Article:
"No, we don't have any specific military equipment that we are seeking, but we continue to collaborate", Mnangagwa said ahead of the Russia-Africa Summit in Sochi.
Mnangagwa further elaborated that he expects to advance Russia-Zimbabwe dialogue at his second meeting with Russian President Vladimir Putin during the Russia-Africa Summit in Sochi.
The two-day forum opens on 23 October. According to Kremlin aide Yury Ushakov, 43 leaders of African countries will attend the event.
In January, when Mnangagwa came to Russia for his first meeting with Russian President Vladimir Putin, the Zimbabwean leader said that his country plans to continue its defence and security cooperation with Russia, but first needs to build up funds to buy "state-of-the-art" Russian weapons. He stressed that Zimbabwe does not have the money to purchase expensive defence systems, but will possibly turn to Russia once it gains more economic means to buy what it wants.
Zimbabwean President Rejects Outside Mediation to Domestic Disputes
"At the end of the day Zimbabwean problems are Zimbabwean and will need Zimbabwean solutions", Mnangagwa stated.
He stressed that "if the necessity arises" his country would ask the 16-nation Southern African Development Community for help before turning to the African Union.
"But at present, we have not faced any problems which we as Zimbabweans are unable to surmount", the president argued.
The statement comes after the Movement for Democratic Change, the main coalition of Zimbabwean opposition parties, called for an independent mediator to help resolve its row with the government over how to solve the country's economic crisis, after denying direct talks were underway.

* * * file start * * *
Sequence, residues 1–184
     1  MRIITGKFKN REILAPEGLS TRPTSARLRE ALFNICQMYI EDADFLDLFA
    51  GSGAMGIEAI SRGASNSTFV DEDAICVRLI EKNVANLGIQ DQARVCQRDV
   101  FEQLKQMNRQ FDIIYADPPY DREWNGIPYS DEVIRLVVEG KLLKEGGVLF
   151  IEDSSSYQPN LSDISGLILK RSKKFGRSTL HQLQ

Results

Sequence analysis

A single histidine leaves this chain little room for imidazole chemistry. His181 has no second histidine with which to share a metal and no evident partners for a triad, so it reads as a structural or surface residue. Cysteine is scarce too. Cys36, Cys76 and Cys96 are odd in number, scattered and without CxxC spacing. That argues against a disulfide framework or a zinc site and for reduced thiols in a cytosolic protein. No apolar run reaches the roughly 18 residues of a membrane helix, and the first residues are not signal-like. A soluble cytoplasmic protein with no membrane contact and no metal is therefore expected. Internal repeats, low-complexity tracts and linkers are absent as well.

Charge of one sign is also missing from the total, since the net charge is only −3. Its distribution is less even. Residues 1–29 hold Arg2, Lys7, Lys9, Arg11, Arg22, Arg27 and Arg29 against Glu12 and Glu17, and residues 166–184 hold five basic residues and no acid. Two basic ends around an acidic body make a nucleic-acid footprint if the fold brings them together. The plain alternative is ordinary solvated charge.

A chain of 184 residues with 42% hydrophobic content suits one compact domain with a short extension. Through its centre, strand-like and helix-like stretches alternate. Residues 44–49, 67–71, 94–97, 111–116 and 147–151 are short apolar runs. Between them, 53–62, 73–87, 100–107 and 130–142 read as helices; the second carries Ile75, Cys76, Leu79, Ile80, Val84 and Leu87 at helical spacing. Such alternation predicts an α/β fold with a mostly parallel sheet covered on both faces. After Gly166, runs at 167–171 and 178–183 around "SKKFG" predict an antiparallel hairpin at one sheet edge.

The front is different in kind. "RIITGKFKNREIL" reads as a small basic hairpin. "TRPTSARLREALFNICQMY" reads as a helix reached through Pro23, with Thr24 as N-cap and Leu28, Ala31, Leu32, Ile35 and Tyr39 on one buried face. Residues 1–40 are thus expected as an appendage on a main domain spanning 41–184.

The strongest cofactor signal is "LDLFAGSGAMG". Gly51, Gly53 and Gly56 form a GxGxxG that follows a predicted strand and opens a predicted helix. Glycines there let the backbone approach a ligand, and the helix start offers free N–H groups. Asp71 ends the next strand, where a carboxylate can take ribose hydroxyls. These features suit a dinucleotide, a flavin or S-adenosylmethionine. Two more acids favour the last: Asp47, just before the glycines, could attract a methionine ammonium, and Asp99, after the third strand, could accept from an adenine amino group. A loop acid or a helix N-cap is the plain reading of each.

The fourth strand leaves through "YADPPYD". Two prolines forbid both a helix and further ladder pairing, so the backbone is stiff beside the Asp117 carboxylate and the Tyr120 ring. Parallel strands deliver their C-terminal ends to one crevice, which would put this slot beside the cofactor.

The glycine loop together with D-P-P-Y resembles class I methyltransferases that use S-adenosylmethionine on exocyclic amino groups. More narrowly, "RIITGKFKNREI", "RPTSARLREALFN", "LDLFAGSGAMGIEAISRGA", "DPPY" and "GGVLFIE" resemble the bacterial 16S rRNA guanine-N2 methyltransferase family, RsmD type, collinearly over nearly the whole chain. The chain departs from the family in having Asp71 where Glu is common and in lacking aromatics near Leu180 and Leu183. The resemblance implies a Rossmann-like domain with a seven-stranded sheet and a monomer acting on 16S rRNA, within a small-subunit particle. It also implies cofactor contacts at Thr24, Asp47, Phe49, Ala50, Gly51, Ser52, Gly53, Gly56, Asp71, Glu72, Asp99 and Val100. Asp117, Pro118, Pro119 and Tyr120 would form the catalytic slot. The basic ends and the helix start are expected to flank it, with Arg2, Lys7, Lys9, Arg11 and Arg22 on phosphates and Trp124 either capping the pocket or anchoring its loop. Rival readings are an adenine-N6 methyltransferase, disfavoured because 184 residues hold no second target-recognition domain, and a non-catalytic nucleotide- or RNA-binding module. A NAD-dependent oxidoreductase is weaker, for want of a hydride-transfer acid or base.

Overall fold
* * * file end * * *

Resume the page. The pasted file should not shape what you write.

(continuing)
The Zimbabwean economy has been in recession, which the government blames on decades of Western sanctions. The economic crisis has been exacerbated by a severe drought this year, with a third of its rural population being food insecure, according to the United Nations.
Russian Gold Mining Companies Conducted Exploration in Zimbabwe
The Zimbabwean president continued by saying that Russian companies have expressed interest in mining for gold in Zimbabwe and some have already started exploratory work in the southern African nation.
"We also have some Russian companies that are interested in mining gold, and they already started exploration, and they identified several sites where they are going to mine gold", Mnangagwa noted.
The Zimbabwean leader recalled that a Russian company is already involved in platinum mining in Zimbabwe, and stressed that he would like to see more follow suit.
"A Russian mining company is coming to mine platinum. We are very happy that this is now happening, but we want more and more Russian companies to come to Zimbabwe", he said.
Alrosa, a Russian group of mining companies that set up business in Zimbabwe, has already completed exploration work at a mining site close to Harare, the Zimbabwean President Emmerson Mnangagwa recalled.
"With regard to the mining sector we already have Alrosa, it has already established an office in Harare, and they have already done exploration for diamonds in Harare, and I'm aware they cited several sites in Zimbabwe where they are now applying to mine diamonds in Harare", Mnangagwa said.
Zimbabwe and Russia's Rostec signed a mining lease agreement in January to launch a joint platinum development project that was agreed on back in 2014. The Russian-Zimbabwean platinum venture, Great Dyke Investments (GDI), is a joint venture of Russian Vi Holding, through its JSC Afromet subsidiary, and Zimbabwe's Landela Mining Venture. GDI is developing the Darwendale platinum project near Harare, the second-biggest platinum field in the world.